Posted on September 23, 2018 by

Existing use rights – what land do they attach to and which controls apply?

The Land and Environment Court (LEC) has recently considered what land can be considered to have the benefit of existing use rights and the application of development standards and controls in development control plans (DCPs) in the merit assessment of development relying on existing use rights. This article was amended on 1 March  and 30 April 2019.

Identification of Land

In Saffioti v Kiama Municipal Council [2017] NSWLEC 65 (Saffioti 2017) the LEC found the unit of land to which the existing use rights for a dwelling house attached extended to the whole of the parcel of land on which the single dwelling house was located. The LEC reached this conclusion based on the evidence that the land had not been divided physically or by use and without requiring any evidence of actual use of the whole of the parcel.

This decision can be compared to that in Seraglio v Shoalhaven City Council [2017] NSWLEC 45 (Seraglio) where the LEC found the unit of land to which the existing use rights for dwelling houses attached was not the whole parcel of land but rather each site within that parcel on which the use of separate dwelling houses was  actually carried out. The LEC reached this conclusion based on evidence that two dwelling houses were erected on the parcel of land, each dwelling house had its own site and curtilage, different street addresses and that a paling fence separated the sites of the two houses.

In previous cases the LEC has found the unit of land to which the existing use right attached was limited to a building containing two flats (Jojeni Investments Pty Ltd v Mosman Municipal Council [2014] NSWLEC 120); the first floor of the building (Lemworth Pty Limited v Liverpool City Council [2001] NSWLEC 23) and the ground level of a site (Starray Pty Ltd v Sydney City Council [2002] NSWLEC 48  ).

These cases demonstrate that the LEC will rely on evidence regarding the manner in which land is used to determine what the relevant unit of land is to which the existing use attaches.

Development controls

In Saffioti v Kiama Municipal Council [2018] NSW LEC 1426 (Saffioti 2018) a Commissioner of the LEC considered the issue of whether the controls in a DCP could be considered in assessing the merits of an application for development consent for development with existing use rights. The LEC decided that the relevant controls in the DCP could be considered notwithstanding section 4.67(3) of the Environmental Planning and Assessment Act 1979 (EPA Act). That section provides that any provisions of an environmental planning instrument (EPI) which would derogate from the provisions in the Environmental Planning & Assessment Regulation 2000 which are incorporated in every EPI regarding existing uses (the incorporated provisions), have no effect.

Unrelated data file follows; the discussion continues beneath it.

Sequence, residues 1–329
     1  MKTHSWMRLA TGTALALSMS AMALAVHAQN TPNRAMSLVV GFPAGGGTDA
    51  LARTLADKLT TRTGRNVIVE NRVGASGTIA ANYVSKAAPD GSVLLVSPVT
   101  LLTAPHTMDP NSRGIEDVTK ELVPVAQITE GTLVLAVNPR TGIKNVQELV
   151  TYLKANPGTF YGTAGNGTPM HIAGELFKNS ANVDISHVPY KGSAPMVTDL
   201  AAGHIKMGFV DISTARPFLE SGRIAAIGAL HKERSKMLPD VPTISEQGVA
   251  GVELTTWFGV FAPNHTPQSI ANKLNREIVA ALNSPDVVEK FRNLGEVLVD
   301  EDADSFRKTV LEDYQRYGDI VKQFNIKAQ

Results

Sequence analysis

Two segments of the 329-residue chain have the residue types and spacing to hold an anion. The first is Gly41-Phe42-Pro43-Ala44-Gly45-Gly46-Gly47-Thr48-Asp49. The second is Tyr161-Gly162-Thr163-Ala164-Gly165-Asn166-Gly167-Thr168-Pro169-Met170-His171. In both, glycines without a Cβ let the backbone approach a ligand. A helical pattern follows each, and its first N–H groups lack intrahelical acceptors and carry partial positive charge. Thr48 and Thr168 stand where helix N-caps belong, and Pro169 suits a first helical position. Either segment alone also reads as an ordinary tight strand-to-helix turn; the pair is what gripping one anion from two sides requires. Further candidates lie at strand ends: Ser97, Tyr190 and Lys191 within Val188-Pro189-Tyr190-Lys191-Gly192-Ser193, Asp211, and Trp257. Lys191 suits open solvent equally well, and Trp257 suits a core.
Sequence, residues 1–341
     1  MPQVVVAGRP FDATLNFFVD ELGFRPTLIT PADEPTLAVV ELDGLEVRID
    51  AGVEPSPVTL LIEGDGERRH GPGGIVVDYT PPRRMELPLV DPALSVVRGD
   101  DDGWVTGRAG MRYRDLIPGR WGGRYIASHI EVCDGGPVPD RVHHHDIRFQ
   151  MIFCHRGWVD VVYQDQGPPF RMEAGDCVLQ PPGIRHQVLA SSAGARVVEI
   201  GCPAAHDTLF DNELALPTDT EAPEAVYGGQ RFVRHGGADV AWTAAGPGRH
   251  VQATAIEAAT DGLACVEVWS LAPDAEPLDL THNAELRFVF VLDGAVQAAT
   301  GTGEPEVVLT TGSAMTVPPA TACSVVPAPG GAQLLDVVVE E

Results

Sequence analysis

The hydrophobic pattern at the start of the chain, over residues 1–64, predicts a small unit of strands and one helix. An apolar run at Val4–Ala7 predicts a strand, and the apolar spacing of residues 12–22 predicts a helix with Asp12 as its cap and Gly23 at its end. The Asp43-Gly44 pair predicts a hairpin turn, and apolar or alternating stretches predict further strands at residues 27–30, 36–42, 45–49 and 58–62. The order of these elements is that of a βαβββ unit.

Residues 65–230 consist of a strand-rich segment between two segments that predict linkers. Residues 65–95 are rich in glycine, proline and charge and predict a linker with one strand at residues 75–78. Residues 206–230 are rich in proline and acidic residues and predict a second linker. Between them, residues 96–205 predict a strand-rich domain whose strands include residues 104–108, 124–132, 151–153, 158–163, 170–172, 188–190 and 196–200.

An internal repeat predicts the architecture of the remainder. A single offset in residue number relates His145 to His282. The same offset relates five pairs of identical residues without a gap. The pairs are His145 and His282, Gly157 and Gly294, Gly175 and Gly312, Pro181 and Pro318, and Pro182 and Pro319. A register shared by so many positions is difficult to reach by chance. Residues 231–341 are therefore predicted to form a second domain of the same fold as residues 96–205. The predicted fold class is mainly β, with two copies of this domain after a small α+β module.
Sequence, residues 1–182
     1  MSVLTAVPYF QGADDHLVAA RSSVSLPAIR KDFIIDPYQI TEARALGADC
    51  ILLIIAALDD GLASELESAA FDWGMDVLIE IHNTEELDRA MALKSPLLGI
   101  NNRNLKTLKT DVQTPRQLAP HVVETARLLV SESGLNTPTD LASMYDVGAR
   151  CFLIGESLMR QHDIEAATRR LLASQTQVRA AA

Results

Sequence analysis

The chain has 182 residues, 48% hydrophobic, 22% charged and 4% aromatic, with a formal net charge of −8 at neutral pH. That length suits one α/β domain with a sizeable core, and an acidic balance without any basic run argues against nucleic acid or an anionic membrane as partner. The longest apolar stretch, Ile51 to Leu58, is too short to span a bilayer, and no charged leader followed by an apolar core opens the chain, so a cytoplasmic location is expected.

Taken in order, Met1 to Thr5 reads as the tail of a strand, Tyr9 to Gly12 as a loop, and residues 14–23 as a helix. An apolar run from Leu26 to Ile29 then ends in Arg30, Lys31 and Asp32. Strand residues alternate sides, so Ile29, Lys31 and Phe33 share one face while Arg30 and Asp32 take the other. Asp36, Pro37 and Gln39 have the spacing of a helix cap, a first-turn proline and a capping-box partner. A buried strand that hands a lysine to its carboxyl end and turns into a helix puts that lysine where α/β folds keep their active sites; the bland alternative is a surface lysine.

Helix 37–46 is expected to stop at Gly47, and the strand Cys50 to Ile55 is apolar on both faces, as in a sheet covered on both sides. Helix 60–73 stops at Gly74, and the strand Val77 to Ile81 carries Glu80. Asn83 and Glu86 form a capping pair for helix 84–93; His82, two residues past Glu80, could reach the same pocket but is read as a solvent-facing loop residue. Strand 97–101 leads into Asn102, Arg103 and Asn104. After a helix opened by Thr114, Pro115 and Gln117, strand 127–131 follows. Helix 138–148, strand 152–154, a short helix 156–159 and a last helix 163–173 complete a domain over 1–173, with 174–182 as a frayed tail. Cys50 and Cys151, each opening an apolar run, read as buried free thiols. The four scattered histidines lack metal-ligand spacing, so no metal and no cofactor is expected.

In Saffioti 2018, the Commissioner of the LEC found that as a DCP is not an EPI therefore section 4.67(3) does not apply to the provisions of such an instrument.

A similar submission was greeted with reservations by a judge of the LEC in the case Modog Pty Ltd v North Sydney Council [2018] NSWLEC 120 (Modog 2018) at [73]-[77]. Modog 2018 was decided 3 days after Saffioti 2018.

The Commissioner of the LEC in Saffioti 2018 also considered provisions of the applicable local environmental plan (LEP) and found that a number of provisions, such as those dealing with biodiversity, applied to the application and did not derogate from the incorporated provisions. The Commissioner of the LEC considered that only those provisions of the LEP which could have the effect of prohibiting the development derogated from the incorporated provisions and therefore could not be taken into account.

The decision by the Commissioner in Saffioti 2018 in relation to the application of the LEP and the DCP provisions was upheld on appeal by the Chief Judge of the Land and Environment Court in Saffioti v Kiama Municipal Council [2019] NSWLEC 57 (Saffioti 2019) at [56], [70] and [82]. In particular the Chief Judge accepted the Council’s submissions that:

  • section 4.67(3) of the EPA Act does not apply to the provisions of a DCP [75],
  • the provisions of a DCP can never prevent a development application from being made pursuant to section 3.43(5)(b) of the EPA Act [76],
  • the provisions of a DCP can only set standards that are to be flexibly applied pursuant to section 4.15(3A)(b) of the EPA Act [77], and
  • the merit assessment of a proposed development that relies on existing use rights by reference to DCP controls is legally correct [78].


The cases referred to above highlight that each application relying on  existing use rights will need to be carefully considered to determine the unit of land which has the benefit of the existing use rights. That unit of land need not be a single lot.

In a merit assessment of an application relying on existing use rights, LEP provisions will need to be carefully considered, and only applied where the provisions do not have the effect of derogating from the incorporated provisions. DCP provisions, such the objectives of the controls in the DCP, might still be able to guide a merit assessment if the provisions raise matters that would otherwise be considered on a merit assessment of the application under section 4.15(1) of the EPA Act.

To discuss this blog, please contact Megan Hawley on 8235 9703.